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Book Review: Escape into paradise (and love) with “People We Meet on Vacation”

I’m generally not one to fall head over heels for romance novels–my reading tastes usually lean toward anything but lovey-dovey books. Ever since John Green’s teen romance novels took the world by storm, I’ve sworn off the romance genre–partly to avoid the “Why Am I Alone” spiral and the inevitable internalization of the couple’s love story (I’m looking at you “Looking for Alaska”).

Yet, I was pleasantly surprised with Emily Henry’s 2021 novel “People We Meet on Vacation,” which happens to be an early 2000s version of “When Harry Met Sally.” Henry has been riding the wave of success with her well-loved “Beach Read” from last year, and she definitely didn’t disappoint with her highly anticipated follow-up. Book Tik Tok and Instagram have wildly praised “People We Meet on Vacation” ever since its May debut, and maybe a part of me was curious about what all the hype was about.

Like any good love story, protagonists Poppy and Alex’s relationship starts off rocky. After their first meeting at the University of Chicago orientation, colorful Poppy hopes to never see the khaki-wearing Alex ever again. For the rest of the year, the two steer clear of one another until they’re forced to share a ride back to their Ohio hometown. Naturally, the two awkwardly begin to open up to one another, and we learn of Poppy’s dreams of a sophisticated lifestyle while Alex enjoys his quiet, small-town existence.

Thus, ushering in an unlikely friendship between two opposites for the ages. Twelve years later, Poppy is a successful travel journalist, and Alex is a high school English teacher in their hometown. Despite the distance, the two make annual summer trips together but have become estranged after an incident in Croatia two summers ago.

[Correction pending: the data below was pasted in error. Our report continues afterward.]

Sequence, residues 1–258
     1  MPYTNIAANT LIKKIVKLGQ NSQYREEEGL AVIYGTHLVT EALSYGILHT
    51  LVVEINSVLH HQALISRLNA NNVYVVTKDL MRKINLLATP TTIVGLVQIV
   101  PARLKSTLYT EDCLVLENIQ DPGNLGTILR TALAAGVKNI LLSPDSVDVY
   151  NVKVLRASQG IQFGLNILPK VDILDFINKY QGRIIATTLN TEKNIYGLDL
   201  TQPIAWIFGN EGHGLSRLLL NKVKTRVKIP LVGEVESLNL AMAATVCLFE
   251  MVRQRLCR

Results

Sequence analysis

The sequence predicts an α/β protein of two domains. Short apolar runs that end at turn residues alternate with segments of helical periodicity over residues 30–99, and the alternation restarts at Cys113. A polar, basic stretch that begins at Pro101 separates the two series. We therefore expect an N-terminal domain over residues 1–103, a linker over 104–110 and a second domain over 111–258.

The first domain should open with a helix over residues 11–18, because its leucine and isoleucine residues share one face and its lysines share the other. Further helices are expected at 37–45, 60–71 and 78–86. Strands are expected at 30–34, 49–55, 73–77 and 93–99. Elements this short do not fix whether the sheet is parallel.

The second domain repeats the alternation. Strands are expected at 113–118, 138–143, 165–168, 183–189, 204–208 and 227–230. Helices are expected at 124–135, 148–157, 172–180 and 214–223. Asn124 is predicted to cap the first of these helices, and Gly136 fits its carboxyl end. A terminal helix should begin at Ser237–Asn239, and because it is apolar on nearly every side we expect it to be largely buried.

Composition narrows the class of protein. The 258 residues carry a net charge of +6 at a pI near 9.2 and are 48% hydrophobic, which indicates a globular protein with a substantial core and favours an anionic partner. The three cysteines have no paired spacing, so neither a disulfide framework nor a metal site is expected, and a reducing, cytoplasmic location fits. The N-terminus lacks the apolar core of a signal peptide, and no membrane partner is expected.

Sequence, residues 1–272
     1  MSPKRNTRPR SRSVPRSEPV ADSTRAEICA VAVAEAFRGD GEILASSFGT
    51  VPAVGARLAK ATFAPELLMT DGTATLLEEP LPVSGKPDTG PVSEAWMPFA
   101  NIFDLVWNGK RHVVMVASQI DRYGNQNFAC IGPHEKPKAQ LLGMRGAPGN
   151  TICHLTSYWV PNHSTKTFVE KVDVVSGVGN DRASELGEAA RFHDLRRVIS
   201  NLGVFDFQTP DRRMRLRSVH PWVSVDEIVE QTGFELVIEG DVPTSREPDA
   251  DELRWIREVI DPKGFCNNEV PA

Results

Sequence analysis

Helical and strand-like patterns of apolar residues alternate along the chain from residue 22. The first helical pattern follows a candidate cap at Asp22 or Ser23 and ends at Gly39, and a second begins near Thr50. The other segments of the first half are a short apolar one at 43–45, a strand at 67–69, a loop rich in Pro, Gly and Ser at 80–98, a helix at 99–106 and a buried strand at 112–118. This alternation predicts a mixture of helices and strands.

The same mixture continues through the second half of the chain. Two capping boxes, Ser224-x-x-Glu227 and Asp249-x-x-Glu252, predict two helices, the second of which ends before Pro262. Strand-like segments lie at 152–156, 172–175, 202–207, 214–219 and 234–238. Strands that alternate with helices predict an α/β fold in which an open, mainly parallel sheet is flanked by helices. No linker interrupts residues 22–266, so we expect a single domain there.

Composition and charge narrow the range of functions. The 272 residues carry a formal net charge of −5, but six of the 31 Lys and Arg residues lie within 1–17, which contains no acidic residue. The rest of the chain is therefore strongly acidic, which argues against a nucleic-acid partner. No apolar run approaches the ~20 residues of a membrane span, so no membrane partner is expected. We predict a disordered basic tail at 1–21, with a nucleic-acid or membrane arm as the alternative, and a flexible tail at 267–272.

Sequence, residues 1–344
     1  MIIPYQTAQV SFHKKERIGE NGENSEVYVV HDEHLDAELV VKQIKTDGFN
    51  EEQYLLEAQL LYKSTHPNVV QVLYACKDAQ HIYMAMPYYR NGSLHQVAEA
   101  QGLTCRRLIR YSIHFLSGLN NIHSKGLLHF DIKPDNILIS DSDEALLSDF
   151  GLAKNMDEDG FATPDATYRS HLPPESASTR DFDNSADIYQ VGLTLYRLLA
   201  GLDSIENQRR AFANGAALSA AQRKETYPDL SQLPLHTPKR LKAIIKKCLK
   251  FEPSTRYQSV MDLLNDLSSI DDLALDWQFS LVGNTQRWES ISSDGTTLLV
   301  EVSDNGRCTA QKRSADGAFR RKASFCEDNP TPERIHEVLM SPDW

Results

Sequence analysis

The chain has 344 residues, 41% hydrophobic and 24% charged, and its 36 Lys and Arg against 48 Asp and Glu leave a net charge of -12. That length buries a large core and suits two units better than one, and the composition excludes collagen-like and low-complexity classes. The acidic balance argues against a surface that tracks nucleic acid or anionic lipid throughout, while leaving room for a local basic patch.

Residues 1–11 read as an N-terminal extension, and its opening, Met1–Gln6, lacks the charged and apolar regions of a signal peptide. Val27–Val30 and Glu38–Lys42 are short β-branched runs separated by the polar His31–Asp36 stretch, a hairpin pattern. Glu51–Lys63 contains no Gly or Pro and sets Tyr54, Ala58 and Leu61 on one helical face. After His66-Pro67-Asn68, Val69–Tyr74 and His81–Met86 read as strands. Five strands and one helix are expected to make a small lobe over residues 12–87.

Poppy organizes a trip to Palm Springs with Alex and, like any rom-com, drama, painful yearning, and plenty of steamy moments ensue in an attempt to salvage their friendship and gain some perspective on her career.

Beyond the prescriptive steamy moments and delightful banter, Poppy and Alex are undeniably relatable and nuanced characters for the ordinary millennial. Poppy’s cosmopolitan dreams and well-deserved hatred toward her hometown sound all too familiar for anyone trying to escape the cage of their hometown. The workaholic burn-out she later develops aligns with many millennials and Gen Zers struggling with career changes and what they want after achieving their goals. Alex’s fears of uncertainty and angst hit a little too close to home for anyone in post-grad adulthood.

The novel unfolds with dual timelines–flipping back and forth between their past trips and the present day to reveal the decades-long yearning and steamy near-misses between the two oblivious friends. With every flashback, the details of their friendship and evident longing toward each other expose the inciting incident of their estrangement dramatically that only romance novels seem to ace nowadays.

If the “When Harry Met Sally” remake and painful tension doesn’t make you want to pick up “People We Meet on Vacation,” then hopefully the intelligent wit and heartfelt yearning Henry employs will. Henry masters the friends-to-lovers trope without any gimmicks and with laugh-out-loud sassiness. Poppy and Alex’s friendship and eventual relationship aren’t forced–nothing says true love in fiction like a genuine connection between characters.

If a romance novel doesn’t have the romantic tension, hilarious wit, and fanning-yourself kind of steamy scenes of “People We Meet on Vacation,” then I don’t want it! Thanks to Emily Henry, I am now a hard-core fan of contemporary romance and will be patiently waiting for her next novel.

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